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Louisburg's atmosphere is just right for SEHS' Carmack
04.29 carmack signs 1
Under the watchful eyes of coaches Donnie Revell and Greg Manior, and his parents Mark and Lesley Carmack, South Effingham senior punter Conner Carmack signs a letter of intent with Louisburg College. - photo by Photo by Pat Donahue

It didn’t take long for Conner Carmack to feel right at home at Louisburg College.

The South Effingham senior punter signed with the two-year North Carolina school Friday.

“It’s small, and it’s a good atmosphere,” Carmack said. “Hopefully, I’ll learn and move on to the next level.”

Carmack made his first visit to the school two weeks ago and was scheduled to return for their signee day program Saturday. He said the environment there — the school has an enrollment of about 750 — suits him better.

“I didn’t want to go to a really big school,” he said.

Said his mother Lesley Carmack: “We know Louisburg College is going to be a very good fit for him.”

Carmack had looked at the University of Sioux Falls, Charleston Southern, Belhaven and Mississippi College. But even the prospect of playing college football took him by surprise.

“I never thought I’d be playing in college,” he said. “I didn’t play football until the sixth grade. Now that it’s here, it’s nice. It’s a blessing.”

In 2007, Carmack averaged 31.2 yards a punt as a senior, and 12 of his 31 attempts went inside the 20-yard line.

While his average belies a strong leg, Carmack has the ability to change field position in a hurry.

“Momentum can change,” said Mustangs coach Greg Manior, who played collegiately at North Carolina State. “A punter can be an important player for you. Conner did a good job for us. He can kick in any direction. He can get hang time. He can kick the ball out of bounds if we don’t want the other team to catch the ball.”

That Carmack signed a letter of intent is noteworthy, according to Manior.

“A lot of schools don’t sign punters,” the coach said. “They’re usually walk-on guys.”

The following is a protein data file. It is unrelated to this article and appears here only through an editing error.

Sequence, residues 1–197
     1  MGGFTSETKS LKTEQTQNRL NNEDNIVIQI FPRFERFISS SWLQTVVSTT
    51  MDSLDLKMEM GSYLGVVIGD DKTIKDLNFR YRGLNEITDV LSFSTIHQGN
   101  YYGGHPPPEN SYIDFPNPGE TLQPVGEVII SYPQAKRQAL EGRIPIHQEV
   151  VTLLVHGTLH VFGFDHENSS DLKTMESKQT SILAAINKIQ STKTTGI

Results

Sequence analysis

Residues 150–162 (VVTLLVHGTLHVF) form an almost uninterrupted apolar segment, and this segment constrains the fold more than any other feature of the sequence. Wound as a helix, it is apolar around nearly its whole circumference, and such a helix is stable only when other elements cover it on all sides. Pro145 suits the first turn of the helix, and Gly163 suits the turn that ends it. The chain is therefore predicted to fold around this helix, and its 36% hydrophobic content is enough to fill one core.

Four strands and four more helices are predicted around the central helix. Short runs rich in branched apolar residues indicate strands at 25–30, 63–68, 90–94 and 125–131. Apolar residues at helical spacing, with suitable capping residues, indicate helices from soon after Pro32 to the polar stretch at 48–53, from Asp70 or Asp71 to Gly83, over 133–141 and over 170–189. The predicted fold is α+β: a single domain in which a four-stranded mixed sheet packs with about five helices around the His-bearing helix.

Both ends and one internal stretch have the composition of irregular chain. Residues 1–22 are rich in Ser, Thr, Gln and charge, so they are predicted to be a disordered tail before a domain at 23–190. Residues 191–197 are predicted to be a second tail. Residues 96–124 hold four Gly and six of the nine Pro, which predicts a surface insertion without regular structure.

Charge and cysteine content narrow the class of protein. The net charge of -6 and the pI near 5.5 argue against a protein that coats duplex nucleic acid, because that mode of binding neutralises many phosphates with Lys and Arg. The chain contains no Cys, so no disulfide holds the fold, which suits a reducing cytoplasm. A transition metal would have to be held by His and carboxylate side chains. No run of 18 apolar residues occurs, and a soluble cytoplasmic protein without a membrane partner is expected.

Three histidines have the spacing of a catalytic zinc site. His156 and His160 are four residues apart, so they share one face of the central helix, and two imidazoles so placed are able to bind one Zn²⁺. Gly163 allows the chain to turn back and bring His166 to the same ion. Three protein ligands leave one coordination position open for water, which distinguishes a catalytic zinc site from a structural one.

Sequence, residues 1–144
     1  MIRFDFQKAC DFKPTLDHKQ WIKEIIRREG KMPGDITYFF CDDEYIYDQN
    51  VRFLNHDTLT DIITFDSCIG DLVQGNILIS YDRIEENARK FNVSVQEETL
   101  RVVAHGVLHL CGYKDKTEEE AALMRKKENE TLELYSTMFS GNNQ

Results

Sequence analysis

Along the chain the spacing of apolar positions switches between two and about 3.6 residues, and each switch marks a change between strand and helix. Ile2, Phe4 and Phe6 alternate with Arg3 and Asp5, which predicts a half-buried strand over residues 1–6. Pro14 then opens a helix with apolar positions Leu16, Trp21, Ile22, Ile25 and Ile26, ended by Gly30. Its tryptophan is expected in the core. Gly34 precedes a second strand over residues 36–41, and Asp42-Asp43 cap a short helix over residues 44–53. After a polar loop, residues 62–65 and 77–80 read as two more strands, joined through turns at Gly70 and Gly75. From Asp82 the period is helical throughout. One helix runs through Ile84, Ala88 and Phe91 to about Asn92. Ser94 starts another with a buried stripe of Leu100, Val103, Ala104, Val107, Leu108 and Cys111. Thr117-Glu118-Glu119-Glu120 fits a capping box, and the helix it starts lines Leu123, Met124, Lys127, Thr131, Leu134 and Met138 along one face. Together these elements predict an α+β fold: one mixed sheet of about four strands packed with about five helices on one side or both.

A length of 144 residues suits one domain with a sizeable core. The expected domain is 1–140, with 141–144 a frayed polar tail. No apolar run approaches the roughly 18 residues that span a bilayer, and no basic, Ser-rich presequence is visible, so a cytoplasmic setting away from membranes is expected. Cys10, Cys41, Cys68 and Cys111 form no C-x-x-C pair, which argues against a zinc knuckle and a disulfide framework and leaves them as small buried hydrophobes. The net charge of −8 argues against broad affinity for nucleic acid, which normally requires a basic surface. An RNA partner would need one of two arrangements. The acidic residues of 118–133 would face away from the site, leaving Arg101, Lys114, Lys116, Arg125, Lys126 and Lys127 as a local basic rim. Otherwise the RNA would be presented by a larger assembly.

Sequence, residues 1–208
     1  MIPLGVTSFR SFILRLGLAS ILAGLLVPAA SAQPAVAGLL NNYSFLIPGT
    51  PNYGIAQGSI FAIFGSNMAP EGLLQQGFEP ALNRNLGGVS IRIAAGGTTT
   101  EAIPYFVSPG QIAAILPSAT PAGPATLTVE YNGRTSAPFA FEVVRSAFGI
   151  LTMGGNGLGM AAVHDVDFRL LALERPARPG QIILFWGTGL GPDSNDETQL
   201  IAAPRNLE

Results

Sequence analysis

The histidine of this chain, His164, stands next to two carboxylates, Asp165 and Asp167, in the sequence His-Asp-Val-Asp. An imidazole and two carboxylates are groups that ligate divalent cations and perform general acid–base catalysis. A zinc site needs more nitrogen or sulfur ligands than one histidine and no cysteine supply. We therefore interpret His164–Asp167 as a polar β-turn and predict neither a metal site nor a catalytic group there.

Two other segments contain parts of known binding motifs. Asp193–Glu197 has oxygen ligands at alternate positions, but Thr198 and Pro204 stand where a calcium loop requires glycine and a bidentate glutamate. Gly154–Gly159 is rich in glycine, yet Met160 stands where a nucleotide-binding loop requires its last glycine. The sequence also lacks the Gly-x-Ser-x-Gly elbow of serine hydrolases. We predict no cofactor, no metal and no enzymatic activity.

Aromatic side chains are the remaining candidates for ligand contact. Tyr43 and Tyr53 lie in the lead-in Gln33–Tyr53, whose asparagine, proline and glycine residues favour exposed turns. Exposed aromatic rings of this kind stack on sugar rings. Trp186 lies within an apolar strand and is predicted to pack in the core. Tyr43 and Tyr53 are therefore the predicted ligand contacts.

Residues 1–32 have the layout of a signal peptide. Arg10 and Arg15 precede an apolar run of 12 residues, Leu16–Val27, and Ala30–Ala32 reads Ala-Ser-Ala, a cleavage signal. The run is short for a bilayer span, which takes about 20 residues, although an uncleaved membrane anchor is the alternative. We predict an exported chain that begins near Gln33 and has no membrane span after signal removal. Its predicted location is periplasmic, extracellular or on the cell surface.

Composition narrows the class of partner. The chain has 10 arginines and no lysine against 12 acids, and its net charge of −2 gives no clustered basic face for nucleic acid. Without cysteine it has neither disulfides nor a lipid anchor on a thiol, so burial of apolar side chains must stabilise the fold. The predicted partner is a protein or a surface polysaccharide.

Carmack has been punting since the ninth grade but quickly got the hang of it. He went to kicking coach Carol White’s camp and impressed the staff there.

“They said there’s not much more we can teach him,” said his dad Mark Carmack. “Each year in high school, he kept improving and kept improving.”

The Carmacks credited the Mustangs coaching staff for helping and working with Conner during his high school career, from coach Donnie Revell pushing him in the weight room, coach Tony Kirkland working with him and Manior tirelessly pursuing colleges on Carmack’s behalf.

“Coach Manior has really opened some doors,” Lesley Carmack said. “(He) has really taken the kids into consideration.”

Manior said he and his coaches make sure they make connections at the American Football Coaches Association convention. Smaller schools don’t have the recruiting budgets of programs on the scale of Georgia or even Georgia Southern, but there is still an opportunity for his players to play and get a good education in the bargain.

“It’s about getting the kids’ names out there. There are so many colleges out there that have football teams and have great academic standards,” he said. “You get to know where the colleges are. It’s a lot of phone calls and a lot of tapes being sent out.”

Carmack’s parents are glad that Louisburg is within driving distance — about four and a half hours — and he’s not going there alone. His girlfriend, Loralee Powell, has tried out for the women’s soccer team at Louisburg and made the roster.

“God has blessed him with a talent he can use later on,” said Mark Carmack. “I’m proud of him.”